Armed conflict erupted again in 1459, and again Clifford was found on the side of the King and Queen. Clifford took part in the parliament that attainted the Yorkists – by now in exile – and he took a share of the profits from their lands, as well as being appointed to offices traditionally in their keeping. The Yorkist lords returned from exile in June 1460 and subsequently defeated a royal army at Northampton. As a result of the royalist defeat, Clifford was ordered to surrender such castles and offices as he had from the Nevilles back to them, although it is unlikely that he did so. In fact, he and his fellow northern Lancastrian lords merely commenced a campaign of destruction on Neville and Yorkist estates and tenantry, to such an extent that in December 1460, the duke of York and his close ally, the earl of Salisbury, raised an army and headed north to crush the Lancastrian rebellion. This winter campaign culminated in the Battle of Wakefield in the last days of the year, and was a decisive victory for the Lancastrian army, of which Clifford was by now an important commander. The battle resulted in the deaths of both York and Salisbury, but was probably most notorious for Clifford's slaying of Edmund, Earl of Rutland, York's seventeen-year old second son and the younger brother of the future King Edward IV. This may have resulted in Clifford's being nicknamed 'Butcher Clifford', although historians disagree as to how widely used by contemporaries this term was.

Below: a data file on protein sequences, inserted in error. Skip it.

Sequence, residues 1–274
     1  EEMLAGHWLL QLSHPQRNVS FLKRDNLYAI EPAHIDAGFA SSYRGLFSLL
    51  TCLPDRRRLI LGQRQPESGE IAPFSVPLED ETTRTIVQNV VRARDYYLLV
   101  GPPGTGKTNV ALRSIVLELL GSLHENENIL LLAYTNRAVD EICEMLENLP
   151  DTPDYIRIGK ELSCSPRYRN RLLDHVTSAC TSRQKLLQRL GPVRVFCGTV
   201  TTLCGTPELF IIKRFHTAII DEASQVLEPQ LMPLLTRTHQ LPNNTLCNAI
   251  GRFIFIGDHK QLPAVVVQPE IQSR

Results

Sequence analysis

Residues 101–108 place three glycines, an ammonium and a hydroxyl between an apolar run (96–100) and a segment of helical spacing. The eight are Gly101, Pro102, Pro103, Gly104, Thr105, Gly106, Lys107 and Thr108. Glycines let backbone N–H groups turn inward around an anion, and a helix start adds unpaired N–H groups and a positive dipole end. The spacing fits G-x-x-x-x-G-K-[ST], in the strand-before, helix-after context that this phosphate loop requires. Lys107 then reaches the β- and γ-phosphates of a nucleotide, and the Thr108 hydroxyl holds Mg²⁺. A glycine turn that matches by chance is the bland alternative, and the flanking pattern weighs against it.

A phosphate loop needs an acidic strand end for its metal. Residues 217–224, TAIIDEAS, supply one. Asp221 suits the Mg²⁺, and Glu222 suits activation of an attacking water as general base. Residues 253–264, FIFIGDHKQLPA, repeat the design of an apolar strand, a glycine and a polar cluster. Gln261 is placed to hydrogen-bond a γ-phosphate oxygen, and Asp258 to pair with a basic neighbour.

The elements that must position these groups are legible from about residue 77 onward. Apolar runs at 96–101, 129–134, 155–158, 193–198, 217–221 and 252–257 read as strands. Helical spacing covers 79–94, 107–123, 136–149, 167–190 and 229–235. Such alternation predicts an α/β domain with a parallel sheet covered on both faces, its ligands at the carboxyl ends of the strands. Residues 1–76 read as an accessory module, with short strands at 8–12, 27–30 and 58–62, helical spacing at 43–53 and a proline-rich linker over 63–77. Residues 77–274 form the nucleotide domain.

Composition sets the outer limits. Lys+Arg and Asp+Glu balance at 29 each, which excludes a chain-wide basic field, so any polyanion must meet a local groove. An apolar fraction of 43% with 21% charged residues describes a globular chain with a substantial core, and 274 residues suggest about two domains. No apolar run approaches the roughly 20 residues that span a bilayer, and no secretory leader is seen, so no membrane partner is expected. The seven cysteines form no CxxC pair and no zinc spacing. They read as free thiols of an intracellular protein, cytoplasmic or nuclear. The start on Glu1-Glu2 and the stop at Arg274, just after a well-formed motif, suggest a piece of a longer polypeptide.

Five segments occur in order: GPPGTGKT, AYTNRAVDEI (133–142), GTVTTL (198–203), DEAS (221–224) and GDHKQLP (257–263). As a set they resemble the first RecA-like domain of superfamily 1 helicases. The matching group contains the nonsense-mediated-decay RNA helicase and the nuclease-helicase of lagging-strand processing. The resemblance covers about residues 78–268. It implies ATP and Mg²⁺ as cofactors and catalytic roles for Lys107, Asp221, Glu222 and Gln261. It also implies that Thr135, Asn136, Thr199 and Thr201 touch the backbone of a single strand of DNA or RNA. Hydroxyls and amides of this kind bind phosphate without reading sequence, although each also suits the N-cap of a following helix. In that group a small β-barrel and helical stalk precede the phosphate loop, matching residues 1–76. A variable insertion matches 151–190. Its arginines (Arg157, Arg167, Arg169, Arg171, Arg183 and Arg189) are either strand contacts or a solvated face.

Clifford accompanied the royal army on its march south early the next year, where, although wounded, he played a leading part in the second Battle of St Albans, and then afterwards with the Queen to the north. The Yorkist army, now under the command of Edward of York and Richard, Earl of Warwick, pursued the Lancastrians to Yorkshire and eventually defeated them at the Battle of Towton on 29 March 1461. Clifford though was not present; he had been slain in a skirmish with a Yorkist advance party the previous day. Following the coronation of the by-then victorious Edward IV, he was attainted and his lands confiscated by the Crown.

Background, youth, marriage and familyEdit

Skipton Castle, seat of the Clifford family; Craven has been described as "wild, economically backward and chronically lawless."[1]